Choosing to fail: Prof Kevin Anderson interviewed

Prof Kevin Anderson, Professor of Energy and Climate Change at the University of Manchester and deputy Director of the Tyndall Centre for Climate Change Research, is one of the world’s best known and most influential – and outspoken – climate specialists.

He was in Dublin for several days in early March at the invitation of An Taisce’s climate change committee (of which I’m a member), and he completed a whirlwind schedule with talks in DCU, NUIM, the RIA and the IIEA among other appointments, as well as a visit to Áras an Uachtaráin to brief President Higgins on the state of climate science.

I met him* in Dublin city centre just ahead of his final formal engagement: a lecture in the RIA on the chasm between where the physics tells us we need to be heading to avert disaster and where the timid steps proposed by our political classes are actually taking us.

As an aid to navigation, the first 10 minutes or so deal with Kevin’s observations on Ireland’s response to climate change. The next five minutes deal with the aftermath of the Paris Agreement, then he moves to address the growth paradox; then, he deals with his own decision not to fly. From there, he deals with climate sensitivity and extreme events. Next, he deals with the relative merits of carbon taxes versus rationing. From here, he examines the fitness for purpose of the neoliberal economic and political model. He also discusses the ‘new normal’ of life in a climate-changed world, where human impacts have already wrought disastrous changes to much of the natural world upon which we depend. The interview concludes by placing a moral framework on humanity’s relationship with the world. He remains deeply concerned that society, despite the overwhelming evidence of the need to act, that “we will choose to fail”.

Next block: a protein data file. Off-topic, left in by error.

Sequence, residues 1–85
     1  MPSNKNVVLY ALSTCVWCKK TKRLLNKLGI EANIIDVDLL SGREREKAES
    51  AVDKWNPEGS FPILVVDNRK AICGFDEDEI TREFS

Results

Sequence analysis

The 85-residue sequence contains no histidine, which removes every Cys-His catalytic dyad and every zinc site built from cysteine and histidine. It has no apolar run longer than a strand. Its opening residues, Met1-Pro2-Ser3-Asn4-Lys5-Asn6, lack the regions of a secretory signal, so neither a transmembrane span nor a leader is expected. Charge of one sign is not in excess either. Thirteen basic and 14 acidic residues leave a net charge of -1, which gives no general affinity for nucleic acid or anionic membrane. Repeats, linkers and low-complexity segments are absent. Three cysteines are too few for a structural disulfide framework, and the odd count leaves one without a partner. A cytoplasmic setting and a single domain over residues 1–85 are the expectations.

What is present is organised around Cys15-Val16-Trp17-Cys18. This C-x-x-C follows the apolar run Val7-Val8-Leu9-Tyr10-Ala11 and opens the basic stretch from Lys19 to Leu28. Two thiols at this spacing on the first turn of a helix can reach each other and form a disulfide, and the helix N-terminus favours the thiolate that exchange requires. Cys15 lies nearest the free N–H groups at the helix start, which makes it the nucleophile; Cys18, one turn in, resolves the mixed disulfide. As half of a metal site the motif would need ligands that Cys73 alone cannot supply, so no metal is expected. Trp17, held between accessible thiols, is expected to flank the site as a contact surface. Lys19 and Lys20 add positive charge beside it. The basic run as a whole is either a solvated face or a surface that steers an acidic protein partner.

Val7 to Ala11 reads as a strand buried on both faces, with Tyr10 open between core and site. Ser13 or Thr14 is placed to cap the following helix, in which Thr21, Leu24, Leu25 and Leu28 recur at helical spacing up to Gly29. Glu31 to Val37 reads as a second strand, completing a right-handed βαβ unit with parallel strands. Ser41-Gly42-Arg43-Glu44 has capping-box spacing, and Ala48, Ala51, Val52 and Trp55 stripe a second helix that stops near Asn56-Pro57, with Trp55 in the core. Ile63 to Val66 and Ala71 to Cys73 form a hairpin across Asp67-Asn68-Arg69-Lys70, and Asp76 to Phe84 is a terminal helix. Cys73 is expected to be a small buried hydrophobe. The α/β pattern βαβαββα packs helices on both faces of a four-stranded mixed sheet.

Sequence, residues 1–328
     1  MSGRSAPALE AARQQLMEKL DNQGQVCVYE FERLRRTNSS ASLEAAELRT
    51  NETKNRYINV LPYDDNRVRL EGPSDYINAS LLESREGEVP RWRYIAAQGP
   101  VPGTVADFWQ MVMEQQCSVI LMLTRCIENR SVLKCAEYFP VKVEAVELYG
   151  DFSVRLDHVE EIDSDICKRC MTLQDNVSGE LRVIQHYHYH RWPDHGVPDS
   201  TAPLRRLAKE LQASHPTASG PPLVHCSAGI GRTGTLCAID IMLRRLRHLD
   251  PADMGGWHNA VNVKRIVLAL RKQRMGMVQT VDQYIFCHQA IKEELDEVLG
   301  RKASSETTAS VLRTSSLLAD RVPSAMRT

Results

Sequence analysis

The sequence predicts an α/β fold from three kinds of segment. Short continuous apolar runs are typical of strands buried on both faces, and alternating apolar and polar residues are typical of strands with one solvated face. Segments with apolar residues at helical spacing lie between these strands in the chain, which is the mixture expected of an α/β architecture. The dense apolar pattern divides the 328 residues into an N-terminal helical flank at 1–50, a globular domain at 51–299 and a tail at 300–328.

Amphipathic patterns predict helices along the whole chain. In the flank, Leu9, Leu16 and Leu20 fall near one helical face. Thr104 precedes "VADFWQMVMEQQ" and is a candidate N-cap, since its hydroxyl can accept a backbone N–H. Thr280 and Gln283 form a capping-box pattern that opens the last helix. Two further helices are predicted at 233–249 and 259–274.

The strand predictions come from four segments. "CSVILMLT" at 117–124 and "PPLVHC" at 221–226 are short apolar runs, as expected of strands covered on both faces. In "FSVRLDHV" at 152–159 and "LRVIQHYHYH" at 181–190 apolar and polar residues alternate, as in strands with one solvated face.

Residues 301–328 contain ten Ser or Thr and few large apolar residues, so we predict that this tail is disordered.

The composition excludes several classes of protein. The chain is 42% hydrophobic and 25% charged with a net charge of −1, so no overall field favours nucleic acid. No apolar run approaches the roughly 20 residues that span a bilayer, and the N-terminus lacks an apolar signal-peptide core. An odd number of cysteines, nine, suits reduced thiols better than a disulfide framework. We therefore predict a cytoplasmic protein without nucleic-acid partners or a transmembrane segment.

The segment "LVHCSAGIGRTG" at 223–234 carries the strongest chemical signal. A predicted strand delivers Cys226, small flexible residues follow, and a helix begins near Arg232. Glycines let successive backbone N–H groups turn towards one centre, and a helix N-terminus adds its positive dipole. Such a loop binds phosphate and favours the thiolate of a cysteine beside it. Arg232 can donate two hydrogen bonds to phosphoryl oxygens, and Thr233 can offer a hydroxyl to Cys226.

*A full version of this interview will appear in the April edition of Village magazine

 

ThinkOrSwim is a blog focusing on the inter-related crises involving climate change, sustainability, resource depletion, energy and biodiversity loss
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13 Responses to Choosing to fail: Prof Kevin Anderson interviewed

  1. Paul Holden says:

    Thanks, John. Exceptional interview.

  2. John Gibbons says:

    Cheers Paul, that’s decent of you to say. Kevin is a brilliant interviewee, open and generous with his time, and never a hint of self-importance or grandstanding. I only wish a lot more people got to listen to the incredibly important message he is trying to deliver

  3. dave kiernan says:

    absolutely marvelous interview with Prof. Kevin Anderson. He is very aware of human population levels now and future projections and John introduced the `extermination of every other Animal & Plant species & Habitat destruction’ in a very short period of time caused by us, humans, nothing else. Word of warning from Prof. Kevin Anderson, it is very likely that we, humans, will be too stupid to avert the disastrous path that we are on.

  4. John Gibbons says:

    Thanks Dave. Yes, I was keen to draw the interview beyond the relatively narrow focus on just one species to ask the question: what about the rest of the natural world? Somewhere along the way, humans set themselves apart from and ‘master’ of nature – just how profound an error this has been is really only now fully coming to light.

  5. Leonard B. says:

    Excellent, inspiring interview with Prof Anderson, really extraordinary how little attention he gets in the mainstream press, at least here in Ireland. Can they possibly all be that wilfully ignorant, or am I missing something?!

  6. John Jopling says: